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Daily Alta California - 14 April 1883

California Digital Newspaper Collection -

Another Widow Comes Forward

On 13 April 1883, Alice Edith Blythe’s application ‘to restrain the Public Administrator from interfering with the estate’ came up in court. At the same time, May Blythe, represented by George W Tyler, filed her own petition for special letters of administration on the estate, saying that she was Blythe’s surviving widow. In her claim, she named two brothers of the deceased who were living in Balfather, Wales along with a sister living in Liverpool, England as next of kin. She further stated that the deceased had left a child, Edith Blythe, who resided in Manchester, England.

Was There a Will?

Public Administrator Roach filed an affidavit noting his inquiry into the existence of a will on the day following Blythe’s death. In it, he stated that he had inquired with Morris M Estes and W H H Hart who were reported to be attorneys for the deceased, and with M F Jeffreys who was named as his attorney-in-fact. Estee said that he was aware of the existence of a will but did not know if it had been destroyed. Hart said he had spoken with the deceased on 28 February of that year regarding a will and that he was confident one had been executed then and that it should be found amongst Blythe’s papers unless it had been destroyed. Jeffreys had nothing to add. Roach said that he then proceeded to the offices of the deceased and placed seals on the safe and desk and then went to Blythe’s former residence placing a seal on the desk there with the consent of Miss Dickinson, who had been the housekeeper of the deceased. In the affidavit, Roach further mentioned that during his visit to Blythe’s home, he heard no mention of anyone who might be Blythe’s wife.

The safe was opened on 6 April but no will was found, nor was there any trace of a will in the Safe Deposit Company the following Monday. When they proceeded to Blythe’s residence, they found a notice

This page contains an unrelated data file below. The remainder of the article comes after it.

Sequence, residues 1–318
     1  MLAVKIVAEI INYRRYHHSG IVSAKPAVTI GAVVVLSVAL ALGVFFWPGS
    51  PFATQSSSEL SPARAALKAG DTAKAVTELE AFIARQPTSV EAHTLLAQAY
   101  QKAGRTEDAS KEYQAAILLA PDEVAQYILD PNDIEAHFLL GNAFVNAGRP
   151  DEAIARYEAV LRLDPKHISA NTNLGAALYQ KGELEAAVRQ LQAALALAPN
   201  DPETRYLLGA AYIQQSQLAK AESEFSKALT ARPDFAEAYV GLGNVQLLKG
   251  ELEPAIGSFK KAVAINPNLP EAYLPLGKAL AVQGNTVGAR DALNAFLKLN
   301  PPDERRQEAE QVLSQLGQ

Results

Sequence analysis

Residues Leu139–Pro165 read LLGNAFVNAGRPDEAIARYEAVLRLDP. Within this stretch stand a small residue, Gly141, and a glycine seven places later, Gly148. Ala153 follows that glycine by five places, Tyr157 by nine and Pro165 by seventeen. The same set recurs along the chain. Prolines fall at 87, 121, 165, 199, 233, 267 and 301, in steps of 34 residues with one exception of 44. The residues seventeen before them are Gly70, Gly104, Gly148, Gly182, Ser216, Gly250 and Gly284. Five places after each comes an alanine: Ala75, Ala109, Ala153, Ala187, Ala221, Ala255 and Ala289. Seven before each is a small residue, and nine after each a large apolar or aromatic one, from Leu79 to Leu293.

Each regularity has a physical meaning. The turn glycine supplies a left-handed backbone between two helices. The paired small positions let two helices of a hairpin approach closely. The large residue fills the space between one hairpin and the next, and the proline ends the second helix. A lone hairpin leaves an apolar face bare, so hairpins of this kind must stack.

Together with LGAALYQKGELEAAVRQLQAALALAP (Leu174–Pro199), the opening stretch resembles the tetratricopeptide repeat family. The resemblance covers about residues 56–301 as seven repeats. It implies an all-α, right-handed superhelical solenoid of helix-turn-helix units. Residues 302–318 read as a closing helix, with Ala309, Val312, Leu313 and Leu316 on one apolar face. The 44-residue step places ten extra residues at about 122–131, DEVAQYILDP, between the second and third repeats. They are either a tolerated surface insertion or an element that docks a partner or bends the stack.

Mrs. Blythe has been seriously indisposed for some days and is unable to receive any callers.Stallard, M D

When Roach persisted in knocking, the door was opened and Miss Dickinson appeared with bandages over her head, seeming, in his estimation, not to be particularly distraught. She became aggregated and screamed:

You can’t come in! Do you hear? I am the man’s wife, and no one shall come in here till the Court gives them the right. Your are nothing but a parcel of ghouls. Do you hear? You can’t come in. Do you hear?

After Roach had been appointed temporary administrator of the estate, he returned to the residence accompanied by a police officer and was admitted and allowed to examine the desk. No will was found, and believing that there were papers elsewhere in the home, he applied for a warrant to do a more thorough search of the residence to find a remove all papers to a safe place.

When Roach subsequently attempted to collect rents from the tenants in buildings belonging to the estate, he found that they had all been served with a notice signed by Alice Edith Dickinson Blythe warning them not to pay any money to any person not authorized by the Superior Court and was turned away, empty handed. 3Daily Alta California, 14 April 1883

Alice Edith Blythe Affidavit

On 14 April, Alice Blythe filed her own affidavit with the court saying: